With the provincial legislature now once again sitting, on Tuesday Premier Christy Clark kicked off the last session before the coming election Tuesday with a throne speech focusing on "securing a brighter future for British Columbia families."
To do so, Clark touted the creation of the British Columbia Prosperity Fund, which would go toward eliminating provincial debt and reducing taxes across the board. The fund would be made up of revenues collected from exporting B.C.'s natural gas to Asian markets, and could raise between $130 to $260 billion over the next 30 years, according to Clark.
"The path forward is one that continues to strengthen our economy, that doesn't burden our children with debt, where British Columbians have jobs in their communities and where every British Columbian can prosper," Clark said.
However, while the initiative was aimed at making this easier for British Columbia families, the NDP opposition were having none of it.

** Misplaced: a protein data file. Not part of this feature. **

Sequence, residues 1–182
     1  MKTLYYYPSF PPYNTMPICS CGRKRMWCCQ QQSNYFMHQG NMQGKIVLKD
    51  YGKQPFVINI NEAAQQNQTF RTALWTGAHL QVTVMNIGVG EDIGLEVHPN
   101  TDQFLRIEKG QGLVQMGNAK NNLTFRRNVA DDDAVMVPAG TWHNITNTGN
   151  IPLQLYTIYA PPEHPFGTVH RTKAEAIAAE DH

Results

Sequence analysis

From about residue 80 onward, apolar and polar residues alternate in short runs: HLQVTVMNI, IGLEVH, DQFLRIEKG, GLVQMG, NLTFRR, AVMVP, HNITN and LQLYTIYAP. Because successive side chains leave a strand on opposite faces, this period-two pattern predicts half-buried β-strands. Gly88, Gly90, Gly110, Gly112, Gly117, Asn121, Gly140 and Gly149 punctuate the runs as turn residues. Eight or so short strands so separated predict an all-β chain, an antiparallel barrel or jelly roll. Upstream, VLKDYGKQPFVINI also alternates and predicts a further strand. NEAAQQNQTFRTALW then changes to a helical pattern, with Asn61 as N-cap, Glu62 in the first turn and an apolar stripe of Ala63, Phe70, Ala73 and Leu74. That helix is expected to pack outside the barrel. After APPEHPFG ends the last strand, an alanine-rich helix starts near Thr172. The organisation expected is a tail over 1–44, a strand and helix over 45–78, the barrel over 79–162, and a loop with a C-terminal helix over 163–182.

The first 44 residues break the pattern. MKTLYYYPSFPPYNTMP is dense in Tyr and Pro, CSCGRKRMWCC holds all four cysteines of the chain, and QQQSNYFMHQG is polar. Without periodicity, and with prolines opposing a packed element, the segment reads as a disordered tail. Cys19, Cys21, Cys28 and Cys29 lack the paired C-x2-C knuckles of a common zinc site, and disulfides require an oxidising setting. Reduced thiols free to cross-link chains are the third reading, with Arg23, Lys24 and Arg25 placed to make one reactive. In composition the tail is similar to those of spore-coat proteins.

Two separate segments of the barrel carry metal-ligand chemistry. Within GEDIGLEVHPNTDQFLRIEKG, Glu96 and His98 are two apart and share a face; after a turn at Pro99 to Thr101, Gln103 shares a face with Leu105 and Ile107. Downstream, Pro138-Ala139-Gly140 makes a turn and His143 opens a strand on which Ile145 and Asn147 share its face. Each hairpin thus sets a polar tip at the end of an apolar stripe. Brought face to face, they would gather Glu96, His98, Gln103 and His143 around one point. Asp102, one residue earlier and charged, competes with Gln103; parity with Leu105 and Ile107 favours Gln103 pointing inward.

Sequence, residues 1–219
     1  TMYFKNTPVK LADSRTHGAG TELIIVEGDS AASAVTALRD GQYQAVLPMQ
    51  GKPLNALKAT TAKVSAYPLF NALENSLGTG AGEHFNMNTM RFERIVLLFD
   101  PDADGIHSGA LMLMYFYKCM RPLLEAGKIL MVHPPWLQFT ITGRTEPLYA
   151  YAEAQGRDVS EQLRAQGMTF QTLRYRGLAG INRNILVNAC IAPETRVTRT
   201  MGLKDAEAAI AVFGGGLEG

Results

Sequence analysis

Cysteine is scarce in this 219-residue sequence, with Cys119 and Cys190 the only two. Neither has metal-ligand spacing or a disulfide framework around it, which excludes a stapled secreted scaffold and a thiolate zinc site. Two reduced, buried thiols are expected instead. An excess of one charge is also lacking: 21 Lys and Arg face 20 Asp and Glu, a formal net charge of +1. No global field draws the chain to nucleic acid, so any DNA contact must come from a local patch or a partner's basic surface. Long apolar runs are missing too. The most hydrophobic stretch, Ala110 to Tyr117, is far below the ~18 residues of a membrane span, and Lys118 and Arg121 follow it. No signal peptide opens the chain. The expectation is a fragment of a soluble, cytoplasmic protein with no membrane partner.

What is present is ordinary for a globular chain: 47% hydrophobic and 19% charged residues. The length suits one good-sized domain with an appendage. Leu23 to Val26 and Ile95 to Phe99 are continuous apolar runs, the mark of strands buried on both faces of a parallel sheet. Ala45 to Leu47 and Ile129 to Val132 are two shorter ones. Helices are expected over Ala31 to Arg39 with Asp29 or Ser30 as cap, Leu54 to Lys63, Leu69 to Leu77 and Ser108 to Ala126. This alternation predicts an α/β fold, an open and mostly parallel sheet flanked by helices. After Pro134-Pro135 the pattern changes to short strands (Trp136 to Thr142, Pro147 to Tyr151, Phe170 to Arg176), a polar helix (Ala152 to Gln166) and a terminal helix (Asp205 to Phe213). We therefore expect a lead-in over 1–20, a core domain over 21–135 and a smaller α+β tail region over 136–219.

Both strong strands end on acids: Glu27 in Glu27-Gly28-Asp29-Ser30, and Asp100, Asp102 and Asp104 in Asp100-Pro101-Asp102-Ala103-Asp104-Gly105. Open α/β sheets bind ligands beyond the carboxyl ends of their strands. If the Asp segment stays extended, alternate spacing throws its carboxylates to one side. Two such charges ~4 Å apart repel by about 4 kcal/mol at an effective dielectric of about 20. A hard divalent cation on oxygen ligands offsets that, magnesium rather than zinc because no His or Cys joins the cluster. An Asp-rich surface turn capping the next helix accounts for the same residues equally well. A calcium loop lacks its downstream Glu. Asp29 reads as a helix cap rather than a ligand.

For Surrey-Green Timbers MLA Sue Hammell of the B.C. NDP, Clark's speech was no more than a display of how out of touch the current government is with today's issues.
"They have no plan around the film or television industry, they appear to have no plan around tourism," said Hammell. "Then there's the forest industry, we don't even know what the inventory on the land is anymore because it's been so badly neglected and, really, it seems to be it's like the Liberals have lost their drive and energy and they don't have much vision for how to move forward with British Columbia."
As for the Prosperity Fund initiative, Hammell said she found it odd that Clark and the Liberals could be so certain about funds decades into the future when they've had troubles predicting such revenue in the past.
"Over a six-month period just last year, they were half a billion dollars out on the revenue that they were expecting from natural gas, so how they can look into ll some kind of crystal ball and say we're going to have all this money so many years out is really quite bizarre," said Hammell.
"It lacks credibility and certainly doesn't help the person looking for childcare tomorrow or someone with a disabled child who needs assistance or teachers trying to cope with class size or composition - none of those issues are being grappled with."
Calls to local Liberal MLAs were not returned by press time.